There is so much entertainment made for kids that is equally exciting and terrifying. Exaggerated gestures, hyper-saturated colours and often psychedelic storylines, so many of the children’s tv shows I watched as a kid scared the living daylights out of me but simultaneously drew me back every day for more - Barney, The Ferals, Johnson and Friends. During the festive season, this also extended to the Adelaide Christmas pageant. The floats are transfixing! Each one is easily as big as a church in my memory. Their lolling heads, people standing atop waving like queens - sometimes coming as close so as to high five - but mostly staying in their lane - like a convoy of visiting royals passing through as a detour in a quest from The Never-Ending Story. And they’re heading towards the David Jones Magic Cave. If you go (or went) to the Magic Cave, or any shopping mall Santa booth, you’ll know there are lines of thrilled kids waiting their turn to sit on Santa’s Lap to ask for whatever it is. And their parents waiting to get a picture of their children. But a quick internet search will tell you that although this photographic tradition has been hugely popular for decades, there are far more images available of children crying on Santa’s lap than of children smiling. I wanted to make something that reflected for me this combined feeling of cheer, alarm, excitement and otherworldly-ness that the pageant had for me.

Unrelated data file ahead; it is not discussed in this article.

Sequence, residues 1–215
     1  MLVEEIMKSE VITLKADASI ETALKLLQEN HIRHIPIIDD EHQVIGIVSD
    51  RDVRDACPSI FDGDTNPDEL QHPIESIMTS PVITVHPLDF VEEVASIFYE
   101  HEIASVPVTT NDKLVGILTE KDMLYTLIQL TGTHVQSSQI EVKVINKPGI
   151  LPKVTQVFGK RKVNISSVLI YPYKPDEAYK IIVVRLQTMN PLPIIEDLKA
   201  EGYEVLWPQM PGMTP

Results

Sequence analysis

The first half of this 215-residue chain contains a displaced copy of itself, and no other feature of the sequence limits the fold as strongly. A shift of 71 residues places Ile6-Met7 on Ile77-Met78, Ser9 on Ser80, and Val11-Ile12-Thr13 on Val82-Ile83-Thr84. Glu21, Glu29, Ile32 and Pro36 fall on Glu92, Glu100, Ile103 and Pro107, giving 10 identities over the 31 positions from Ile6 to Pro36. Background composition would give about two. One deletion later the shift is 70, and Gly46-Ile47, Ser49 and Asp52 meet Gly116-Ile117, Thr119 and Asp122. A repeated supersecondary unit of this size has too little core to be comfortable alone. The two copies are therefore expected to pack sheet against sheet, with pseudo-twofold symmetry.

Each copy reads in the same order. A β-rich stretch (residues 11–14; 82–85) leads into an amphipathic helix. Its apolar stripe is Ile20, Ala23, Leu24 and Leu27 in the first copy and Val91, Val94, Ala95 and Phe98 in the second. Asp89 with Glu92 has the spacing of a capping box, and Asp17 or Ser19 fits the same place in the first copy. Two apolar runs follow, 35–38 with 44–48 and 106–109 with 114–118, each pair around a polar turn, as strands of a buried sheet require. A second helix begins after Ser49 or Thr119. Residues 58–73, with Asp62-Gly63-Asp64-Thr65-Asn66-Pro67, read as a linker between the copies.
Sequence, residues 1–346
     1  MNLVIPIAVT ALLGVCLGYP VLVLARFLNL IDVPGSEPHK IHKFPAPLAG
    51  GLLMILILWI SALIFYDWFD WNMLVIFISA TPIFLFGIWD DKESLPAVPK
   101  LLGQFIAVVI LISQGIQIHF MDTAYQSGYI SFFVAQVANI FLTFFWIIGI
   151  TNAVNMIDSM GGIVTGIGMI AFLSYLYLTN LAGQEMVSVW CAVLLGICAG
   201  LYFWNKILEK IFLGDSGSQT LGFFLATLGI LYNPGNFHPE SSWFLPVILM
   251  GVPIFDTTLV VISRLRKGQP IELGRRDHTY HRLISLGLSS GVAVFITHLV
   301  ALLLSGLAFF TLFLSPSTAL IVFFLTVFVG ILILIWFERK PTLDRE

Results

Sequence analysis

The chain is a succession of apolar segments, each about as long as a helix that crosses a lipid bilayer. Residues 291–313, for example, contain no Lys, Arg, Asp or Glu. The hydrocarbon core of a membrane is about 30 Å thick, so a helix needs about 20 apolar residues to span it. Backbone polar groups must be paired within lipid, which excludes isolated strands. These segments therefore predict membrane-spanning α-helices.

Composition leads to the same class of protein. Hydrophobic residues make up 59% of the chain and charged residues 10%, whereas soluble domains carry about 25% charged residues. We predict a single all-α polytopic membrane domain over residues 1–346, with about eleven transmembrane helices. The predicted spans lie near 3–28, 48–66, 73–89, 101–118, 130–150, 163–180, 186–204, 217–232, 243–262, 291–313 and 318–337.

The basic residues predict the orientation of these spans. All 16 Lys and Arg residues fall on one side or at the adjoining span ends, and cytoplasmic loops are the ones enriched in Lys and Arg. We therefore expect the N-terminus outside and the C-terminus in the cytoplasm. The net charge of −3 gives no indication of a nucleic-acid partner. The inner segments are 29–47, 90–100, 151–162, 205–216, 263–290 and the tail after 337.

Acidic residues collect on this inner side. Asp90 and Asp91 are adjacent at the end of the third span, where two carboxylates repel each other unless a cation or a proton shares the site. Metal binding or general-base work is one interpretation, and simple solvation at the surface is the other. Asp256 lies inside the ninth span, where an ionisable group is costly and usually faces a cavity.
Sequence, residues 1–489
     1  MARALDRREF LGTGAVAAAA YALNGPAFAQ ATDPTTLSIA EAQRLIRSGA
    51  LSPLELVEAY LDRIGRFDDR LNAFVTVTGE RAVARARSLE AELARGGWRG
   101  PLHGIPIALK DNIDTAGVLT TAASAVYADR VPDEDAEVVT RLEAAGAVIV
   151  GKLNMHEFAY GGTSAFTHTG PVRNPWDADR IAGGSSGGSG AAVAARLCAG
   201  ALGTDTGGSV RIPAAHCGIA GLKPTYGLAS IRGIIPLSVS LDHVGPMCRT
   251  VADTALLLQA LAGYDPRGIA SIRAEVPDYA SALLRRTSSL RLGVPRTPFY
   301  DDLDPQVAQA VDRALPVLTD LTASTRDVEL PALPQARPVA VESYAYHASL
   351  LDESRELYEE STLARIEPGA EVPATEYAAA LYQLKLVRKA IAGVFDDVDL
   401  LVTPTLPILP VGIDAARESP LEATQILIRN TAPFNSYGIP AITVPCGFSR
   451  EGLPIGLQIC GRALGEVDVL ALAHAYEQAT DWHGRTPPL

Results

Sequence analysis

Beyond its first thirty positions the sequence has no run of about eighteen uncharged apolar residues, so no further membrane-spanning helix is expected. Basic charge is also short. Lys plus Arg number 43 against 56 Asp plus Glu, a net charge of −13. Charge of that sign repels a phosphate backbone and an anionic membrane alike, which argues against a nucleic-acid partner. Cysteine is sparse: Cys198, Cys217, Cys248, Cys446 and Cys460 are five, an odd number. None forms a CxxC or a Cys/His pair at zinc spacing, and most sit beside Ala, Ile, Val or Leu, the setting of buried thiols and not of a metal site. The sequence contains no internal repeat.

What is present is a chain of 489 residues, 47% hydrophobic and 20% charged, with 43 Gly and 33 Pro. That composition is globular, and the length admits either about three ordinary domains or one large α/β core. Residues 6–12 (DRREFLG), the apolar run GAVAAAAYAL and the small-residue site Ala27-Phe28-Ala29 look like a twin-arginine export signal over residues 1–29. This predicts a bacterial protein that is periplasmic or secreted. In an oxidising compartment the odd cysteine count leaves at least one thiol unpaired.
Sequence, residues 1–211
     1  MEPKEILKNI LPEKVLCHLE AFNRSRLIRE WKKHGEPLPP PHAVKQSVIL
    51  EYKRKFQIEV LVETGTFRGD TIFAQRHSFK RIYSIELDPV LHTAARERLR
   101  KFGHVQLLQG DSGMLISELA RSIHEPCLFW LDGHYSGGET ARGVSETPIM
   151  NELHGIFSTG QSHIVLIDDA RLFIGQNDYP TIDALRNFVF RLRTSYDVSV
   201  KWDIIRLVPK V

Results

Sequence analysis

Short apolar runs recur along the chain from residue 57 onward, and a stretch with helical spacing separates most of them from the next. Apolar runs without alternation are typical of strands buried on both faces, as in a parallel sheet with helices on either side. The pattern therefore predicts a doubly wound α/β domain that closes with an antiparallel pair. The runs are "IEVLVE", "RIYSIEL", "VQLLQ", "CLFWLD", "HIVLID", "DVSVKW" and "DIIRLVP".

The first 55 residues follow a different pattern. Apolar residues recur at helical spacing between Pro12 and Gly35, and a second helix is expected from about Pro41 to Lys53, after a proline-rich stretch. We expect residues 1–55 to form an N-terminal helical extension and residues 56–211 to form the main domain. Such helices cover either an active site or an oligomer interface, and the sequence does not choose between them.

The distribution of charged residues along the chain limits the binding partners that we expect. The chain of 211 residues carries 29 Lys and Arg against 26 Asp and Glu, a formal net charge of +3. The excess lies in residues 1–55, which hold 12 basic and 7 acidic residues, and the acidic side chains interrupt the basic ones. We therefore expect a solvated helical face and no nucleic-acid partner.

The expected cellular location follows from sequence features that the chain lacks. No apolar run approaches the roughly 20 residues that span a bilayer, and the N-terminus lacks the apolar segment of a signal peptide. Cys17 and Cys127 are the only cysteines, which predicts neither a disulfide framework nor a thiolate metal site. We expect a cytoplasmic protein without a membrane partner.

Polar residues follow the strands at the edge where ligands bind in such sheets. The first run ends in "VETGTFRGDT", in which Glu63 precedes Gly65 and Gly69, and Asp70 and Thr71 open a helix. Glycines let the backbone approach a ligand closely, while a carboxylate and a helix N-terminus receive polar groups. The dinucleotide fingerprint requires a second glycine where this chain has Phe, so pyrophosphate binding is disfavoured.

Emmaline Zanelli is from Kaurna Yerta (Adelaide, South Australia). Her highly performative practice is lensbased, involving aspects of installation and sculpture. A consistent theme throughout her work is memory, which is something she is interested in exploring broadly — from understanding motivations to research prehistoric life to how her grandmother’s memories may be imparted on to her. Zanelli completed a Bachelor of Visual Art & Design at the Adelaide College of the Arts in 2015 and a Master of Arts - Photography at Photography Studies College in Melbourne in 2021.